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After Many Crackdowns, How Will This Year’s Spring Break Go In Florida Panhandle?

MGN Online

It’s that time of year when Spring Breakers from all over the country come to the Florida Panhandle beaches. But, after hundreds of rowdy Spring Breakers caused problems for area communities and law enforcement in years past, several counties cracked down hard and are not anticipating so much of a crowd this time around.

After the Bay County area received some unfavorable attention in the national spotlight for bad Spring Breaker behavior years ago, there was a big move to increase patrols and crack down on alcohol at the beach.

That was in 2014. Now, three years later, Bay County commissioner Griff Griffitts says Spring Break at Panama City Beach is now practically nonexistent.

“I’m hopeful after this year we’ll quit saying Spring Break because it’s essentially dead,” he said, during a commission meeting last week. “Those years in the past are over, and we need to have the community wrap their head around that. Those days are done.”

Still, Bay County Sheriff Tommy Ford is taking precautions and asked Commissioners for up to $140,000  for extra beach patrols—just in case. And, Commissioner Guy Tunnell—a former police chief and Sheriff—says it’s better to be safe, than sorry.

“My experience has been it’s a lot easier to plan ahead than try to catch up mid-stream,” he said. “We’ve seen that happen in the past when the resources were not there for law enforcement to do their job the way they needed to do it. We don’t need some of the problems we’ve had in the past that gave us some national notoriety.”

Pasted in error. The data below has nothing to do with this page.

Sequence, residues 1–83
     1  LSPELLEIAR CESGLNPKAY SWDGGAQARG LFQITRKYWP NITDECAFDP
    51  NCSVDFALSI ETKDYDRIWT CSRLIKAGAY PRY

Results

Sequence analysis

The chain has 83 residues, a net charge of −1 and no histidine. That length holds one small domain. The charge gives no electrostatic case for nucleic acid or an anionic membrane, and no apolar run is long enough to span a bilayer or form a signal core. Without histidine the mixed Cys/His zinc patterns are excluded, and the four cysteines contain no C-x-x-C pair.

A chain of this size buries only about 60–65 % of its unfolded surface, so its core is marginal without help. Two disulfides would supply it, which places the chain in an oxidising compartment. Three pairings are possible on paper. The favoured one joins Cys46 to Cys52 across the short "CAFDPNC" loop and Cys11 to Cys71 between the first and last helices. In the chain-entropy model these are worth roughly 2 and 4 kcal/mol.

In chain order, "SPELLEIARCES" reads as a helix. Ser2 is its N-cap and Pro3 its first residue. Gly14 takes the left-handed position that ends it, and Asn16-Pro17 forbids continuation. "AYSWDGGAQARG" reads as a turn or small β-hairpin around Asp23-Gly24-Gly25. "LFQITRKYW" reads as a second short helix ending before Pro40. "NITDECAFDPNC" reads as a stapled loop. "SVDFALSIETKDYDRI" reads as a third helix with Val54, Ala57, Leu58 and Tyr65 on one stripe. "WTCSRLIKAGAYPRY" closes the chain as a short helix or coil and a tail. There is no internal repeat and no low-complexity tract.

Other Sheriffs are anticipating lower rowdy crowds, like Walton County Sheriff Mike Adkinson.

“You know, five years ago, we were looking at close to 1,000 arrests,” he said. “We went to a zero tolerance policy, and the next year, we were down to 700. The year after that we were down to 500 and last year, 300—which we think is excellent. We think that’s manageable. The crowds were much better.”

As part of Walton County’s Zero Tolerance Policy, deputies are no longer holding and releasing Spring Breaker offenders via a satellite Sheriff’s station near the beach.

“What happened is the first year, we used to release them right there,” Adkinson added. “And, we found out they were all waving, posting on Facebook, ‘look at me. This is no big deal. Mommy and Daddy will pay the fine.’ And, we said, ‘well, that’s not really the deterrent we’re looking for.’ So, now, we’re taking them all the way to the county jail. Now, we don’t put them back in the pods with hardened murderers or anything like that. But, what we do, do is we tie them up for hours, so that someone has to come and get them, someone has to go deal with it, and it has a deterrent effect of slowing them down.”

And, Okaloosa County Sheriff Larry Ashley says he’s taking a similar approach—especially as it relates to underage drinking.

“Since the Panama City Beach and Bay County issues a couple years ago with the sexual assaults and the fights and the guns and the shootings and underage drinking, Bay County, Walton County, Okaloosa County, Santa Rosa County, we’ve all toughened up and had a zero tolerance approach to underage drinking,” said Ashley.

Ashley says overall, the Sheriffs have one goal in mind.

“We just want people to be safe,” he added. “That’s the key. We are one of the largest tourist attractions in the state of Florida, and we want people to come and enjoy are community. We just want people to do it safely and lawfully.”

Spring Break—which usually occurs during March—is expected to run through mid-April.

For more news updates, follow Sascha Cordner on Twitter: @SaschaCordner.

Sascha Cordner has more than ten years of public radio experience. It includes working at NPR member station WUFT-FM in Gainesville for several years. She's worked in both radio and TV, serving in various capacities as a reporter, producer and anchor. She's also a graduate of the University of Florida with a bachelor's degree in telecommunications. She is the recipient of 15 awards from the Associated Press, Society of Professional Journalists (SPJ), and Edward R. Murrow. Her award-winning stories include her coverage on the infamous “Dozier School for Boys” and a feature titled "Male Breast Cancer: Lost in the Sea of Pink." Currently, Sascha serves as the host and producer of local and state news content for the afternoon news program "All Things Considered" at WFSU. Sascha primarily covers criminal justice and social services issues. When she's not reporting, Sascha likes catching up on her favorite TV shows, singing and reading. Follow Sascha Cordner on Twitter:@SaschaCordner.